Travelex falls victim to Sodinokibi ransomware attack

Travelex, a foreign exchange company with headquarters in London, has been hit by a ransomware attack, forcing it to shut down all computer systems across its 1,500 branches.

Although the organisation said no personal data has been compromised, the criminal hackers behind the attack claimed to have acquired more than 5GB of personal data, including dates of birth, payment card information and Social Security numbers.


The extent of the attack

Travelex, which processes more than 5,000 transactions an hour, shut down its systems and website on New Year’s Day, affecting banks, ATMs and websites associated with the organisation.

The ransomware was confirmed as Sodinokibi, also known as REvil, which first appeared in April 2019 and offered crooks the opportunity to ‘rent’ it and customise it in exchange for a share of the profits.

The ransomware’s readme files said: “It is just business. We absolutely do not care about you or your details, except getting benefits. If we do not do our work and liabilities – nobody will not co-operate with us. It is not in our interests.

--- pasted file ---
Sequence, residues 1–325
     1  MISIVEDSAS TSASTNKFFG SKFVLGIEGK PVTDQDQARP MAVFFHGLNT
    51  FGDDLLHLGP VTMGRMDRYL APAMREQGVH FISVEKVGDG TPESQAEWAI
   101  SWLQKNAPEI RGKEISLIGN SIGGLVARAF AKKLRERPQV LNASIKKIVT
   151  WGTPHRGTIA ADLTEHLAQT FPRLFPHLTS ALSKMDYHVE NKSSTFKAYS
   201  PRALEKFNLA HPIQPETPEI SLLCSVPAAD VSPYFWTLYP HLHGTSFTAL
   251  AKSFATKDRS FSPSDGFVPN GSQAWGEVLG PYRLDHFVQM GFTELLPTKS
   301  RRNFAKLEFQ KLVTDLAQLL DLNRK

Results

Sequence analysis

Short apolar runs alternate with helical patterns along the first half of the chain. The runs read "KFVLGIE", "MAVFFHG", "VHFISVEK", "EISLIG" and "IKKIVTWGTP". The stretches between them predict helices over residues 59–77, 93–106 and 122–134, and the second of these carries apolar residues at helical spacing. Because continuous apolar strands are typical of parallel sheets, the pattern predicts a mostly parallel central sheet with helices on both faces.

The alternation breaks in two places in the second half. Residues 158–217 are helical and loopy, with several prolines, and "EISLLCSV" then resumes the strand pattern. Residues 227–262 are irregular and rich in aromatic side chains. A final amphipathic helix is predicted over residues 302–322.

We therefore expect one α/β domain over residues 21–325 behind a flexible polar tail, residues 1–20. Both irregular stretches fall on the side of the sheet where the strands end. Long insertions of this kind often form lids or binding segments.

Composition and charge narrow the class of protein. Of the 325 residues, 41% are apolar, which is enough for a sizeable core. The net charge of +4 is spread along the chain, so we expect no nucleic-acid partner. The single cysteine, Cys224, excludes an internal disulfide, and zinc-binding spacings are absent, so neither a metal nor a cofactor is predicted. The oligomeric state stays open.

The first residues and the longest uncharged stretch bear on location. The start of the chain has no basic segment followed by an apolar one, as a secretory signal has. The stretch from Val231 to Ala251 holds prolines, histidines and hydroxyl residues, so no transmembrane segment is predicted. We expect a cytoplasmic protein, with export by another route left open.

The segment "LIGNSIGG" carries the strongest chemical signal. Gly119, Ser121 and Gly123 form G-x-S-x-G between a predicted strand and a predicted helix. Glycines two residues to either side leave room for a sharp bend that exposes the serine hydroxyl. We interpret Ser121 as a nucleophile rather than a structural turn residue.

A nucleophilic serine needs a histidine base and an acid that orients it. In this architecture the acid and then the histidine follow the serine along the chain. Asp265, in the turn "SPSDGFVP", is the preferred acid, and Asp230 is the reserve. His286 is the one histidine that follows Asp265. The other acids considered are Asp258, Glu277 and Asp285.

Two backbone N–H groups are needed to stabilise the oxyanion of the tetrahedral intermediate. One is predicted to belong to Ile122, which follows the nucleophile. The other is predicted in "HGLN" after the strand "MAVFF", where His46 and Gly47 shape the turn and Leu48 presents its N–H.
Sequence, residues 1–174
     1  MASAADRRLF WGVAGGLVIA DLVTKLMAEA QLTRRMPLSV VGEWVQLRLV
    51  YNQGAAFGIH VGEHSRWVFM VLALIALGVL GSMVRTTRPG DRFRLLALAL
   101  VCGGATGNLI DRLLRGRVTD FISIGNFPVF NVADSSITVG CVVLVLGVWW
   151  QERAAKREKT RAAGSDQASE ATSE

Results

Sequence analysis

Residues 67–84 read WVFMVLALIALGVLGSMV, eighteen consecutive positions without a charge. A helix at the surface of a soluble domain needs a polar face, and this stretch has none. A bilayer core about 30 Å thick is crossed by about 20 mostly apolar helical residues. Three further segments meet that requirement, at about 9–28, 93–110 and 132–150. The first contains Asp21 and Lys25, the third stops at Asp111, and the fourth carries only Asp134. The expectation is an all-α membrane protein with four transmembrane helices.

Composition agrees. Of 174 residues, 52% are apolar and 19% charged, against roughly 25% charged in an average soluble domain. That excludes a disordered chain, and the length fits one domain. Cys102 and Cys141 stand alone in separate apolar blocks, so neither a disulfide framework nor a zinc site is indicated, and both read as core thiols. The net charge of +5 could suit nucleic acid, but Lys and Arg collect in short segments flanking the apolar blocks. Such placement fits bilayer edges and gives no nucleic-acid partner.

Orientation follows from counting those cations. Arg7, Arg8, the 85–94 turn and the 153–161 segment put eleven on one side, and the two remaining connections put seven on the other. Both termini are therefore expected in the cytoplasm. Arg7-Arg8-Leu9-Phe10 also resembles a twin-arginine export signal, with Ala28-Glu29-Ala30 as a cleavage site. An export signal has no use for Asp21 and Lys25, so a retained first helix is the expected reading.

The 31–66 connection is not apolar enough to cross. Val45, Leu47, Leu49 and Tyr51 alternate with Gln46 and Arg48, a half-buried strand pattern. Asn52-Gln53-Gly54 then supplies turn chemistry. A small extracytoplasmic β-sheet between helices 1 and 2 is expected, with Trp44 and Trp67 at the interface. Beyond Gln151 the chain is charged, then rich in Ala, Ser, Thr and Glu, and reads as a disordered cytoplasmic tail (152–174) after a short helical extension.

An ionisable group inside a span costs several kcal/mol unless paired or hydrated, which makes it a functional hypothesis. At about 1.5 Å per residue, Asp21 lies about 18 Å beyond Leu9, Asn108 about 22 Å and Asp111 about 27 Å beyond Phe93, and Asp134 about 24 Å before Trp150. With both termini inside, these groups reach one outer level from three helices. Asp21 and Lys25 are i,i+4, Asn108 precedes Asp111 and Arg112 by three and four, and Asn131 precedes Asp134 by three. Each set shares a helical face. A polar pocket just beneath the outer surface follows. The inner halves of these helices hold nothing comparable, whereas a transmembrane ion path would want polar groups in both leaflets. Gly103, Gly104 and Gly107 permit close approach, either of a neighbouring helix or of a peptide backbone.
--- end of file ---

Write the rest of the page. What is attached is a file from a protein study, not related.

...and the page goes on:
“If you do not co-operate with our service – for us it does not matter. But you will lose your time and your data, cause just we have the private key. In practice time is much more valuable than money.”


Travelex’s response

Travelex still hasn’t contacted customers with information about the breach, but it is responding to queries across its social media platforms.

Security researcher Kevin Beaumont called Travelex’s response “shockingly bad”. He added: “The Travelex UK website still only says ‘planned maintenance’, a week after the problems began – many customers will be completely unaware hackers gained access to their network, and allegedly their personal data. Travelex have a responsibility to clearly communicate with customers and business partners the gravity of the situation.”


The key to preventing a ransomware attack

No matter whether you decide to pay the ransom or not (and we always advise against paying up), you’ll still face lengthy delays and a loss of productivity.

However, there are steps you can take to mitigate the risk of an attack in the first place. For example, did you know that the majority of infections are caused by employees opening phishing emails that unleash the ransomware on their systems?

Teaching staff to spot scams and respond appropriately can go a long way to keeping your organisation secure. Our Phishing and Ransomware – Human patch e-learning course delivers consistent, comprehensive training to your staff in just ten minutes.

Find out more >>

Further reading:


Leave a Reply

Your email address will not be published.

This site uses Akismet to reduce spam. Learn how your comment data is processed.